providing a plurality of configurable logic blocks (CLBs), wherein each of the plurality of CLBs is configurable to perform one or more logic functions;
configuring a first CLB to perform one or more logic functions associated with a first state;
entering the first state, and while in the first state, simultaneously:
enabling the first CLB to perform the perform the one or more logic functions associated with the first state; and
configuring a number of the remaining CLBs equal to the number of possible next states of the first state in order to configure each of the number of the remaining CLBs to perform one or more logic functions associated with one of the one or more possible next states.
Description
BACKGROUND OF THE INVENTION

1. Field of the Invention

This invention relates to the manufacture of digital logic systems, and more particularly to the fabrication of integrated circuits.

2. Description of the Relevant Art

Electronic logic circuits (i.e., switching networks) are used in almost every modem device, from automobiles to televisions to washing machines. Logic circuits receive one or more input values and produce one or more output values. There are two basic types of logic circuits: combinational logic circuits and sequential logic circuits. The output values of a combinational logic circuit depend only upon the current input values. The output values of a sequential logic circuit, on the other hand, depend upon both the current input values and the previous input values. Sequential logic circuits (i.e., sequential networks) necessarily include storage elements which enable them to "remember" information about past input values.

A sequential network is composed of a combinational network and one or more storage elements. Storage elements called "flip-flops" sample their input values and change their output values at times determined by a "clocking" signal, and are commonly used in sequential networks. Sequential networks are used to implement "state machines" which accomplish processes having multiple steps. A sequential network implementing a state machine uses one or more "state" values to represent all of the information about past input values required to determine the state machine's future behavior. The storage elements of the sequential network store the state values. The set of all combinations of state values uniquely identify the two or more "states" of the state machine. More and more devices are electronically controlled, and the control units of these devices typically include sequential networks implementing state machines in order to accomplish complex tasks.

Programmable logic devices (PLDs) are commonly used to implement logic networks. PLDs are general-purpose digital components which are manufactured in an "unprogrammed" state, and are later "programmed" to implement a desired logical function. A PLD is typically programmed by a sequence of electrical pulses which configure one or more arrays of programmable switching elements within the PLD. Examples of different types of PLDs include programmable read-only memories (PROMs), field programmable logic arrays (FPLAs), programmable array logic devices (PALs), and field programmable gate arrays (FPGAs). A PROM with m inputs (i.e., address inputs) and n outputs (i.e., data outputs) can be configured to perform any m-input, n-output combinational logic function. FPLAs and PALs have AND and OR arrays. The AND array performs logical AND operations upon input values and their complements, forming product terms. The OR array performs logical OR operations upon the product terms, forming output values. The AND and OR arrays of FPLAs include programmable switching elements, while only the AND arrays of PALs are programmable. FPLAs and PALs implement combinational logic functions as a sum of the product terms (i.e., a sum of products) of input values. FPGAs are semi-custom logic devices including "islands" of programmable logic blocks called "logic cells" surrounded by an interconnection network which includes programmable switching elements. The logical functions performed by the logic cells are determined by programming, as are the interconnections formed between the logic cells. FPLAs, PALs, and FPGAs may also include storage elements (e.g., flip-flops) needed to implement sequential logic circuits.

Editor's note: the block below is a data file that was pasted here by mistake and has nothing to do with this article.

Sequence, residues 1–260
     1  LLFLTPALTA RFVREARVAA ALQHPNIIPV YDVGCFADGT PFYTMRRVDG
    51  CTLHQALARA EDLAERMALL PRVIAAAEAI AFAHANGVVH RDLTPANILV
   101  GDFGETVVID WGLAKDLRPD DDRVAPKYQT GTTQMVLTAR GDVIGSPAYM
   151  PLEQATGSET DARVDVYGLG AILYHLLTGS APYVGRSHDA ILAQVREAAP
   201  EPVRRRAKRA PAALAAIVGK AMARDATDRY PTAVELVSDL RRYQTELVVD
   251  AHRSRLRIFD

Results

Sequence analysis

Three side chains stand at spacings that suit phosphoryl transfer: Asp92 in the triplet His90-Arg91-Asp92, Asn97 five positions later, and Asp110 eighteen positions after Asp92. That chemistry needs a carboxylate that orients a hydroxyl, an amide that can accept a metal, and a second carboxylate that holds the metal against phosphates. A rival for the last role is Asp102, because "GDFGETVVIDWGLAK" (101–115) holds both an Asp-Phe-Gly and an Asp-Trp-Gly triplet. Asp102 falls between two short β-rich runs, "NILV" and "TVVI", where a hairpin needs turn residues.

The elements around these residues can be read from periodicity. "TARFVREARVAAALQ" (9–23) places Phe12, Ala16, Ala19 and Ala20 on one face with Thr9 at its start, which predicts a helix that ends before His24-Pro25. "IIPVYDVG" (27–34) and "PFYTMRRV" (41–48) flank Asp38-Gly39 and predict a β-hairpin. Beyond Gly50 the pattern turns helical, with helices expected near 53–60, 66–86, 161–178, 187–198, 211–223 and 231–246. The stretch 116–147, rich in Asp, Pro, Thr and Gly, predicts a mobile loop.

A PROM with m address inputs and n data outputs includes 2m n programmable switching elements, one for every storage element within the PROM. For example, a 2568 PROM has 8 inputs, 8 outputs, and 2,048 programmable switching elements. The 2568 PROM can be programmed to perform, for example, a multiplication function wherein two 4-bit unsigned binary input values produce an 8-bit product term. As the number of programmable switching elements doubles with each added input, PROMs have difficulty accommodating functions with large numbers of inputs.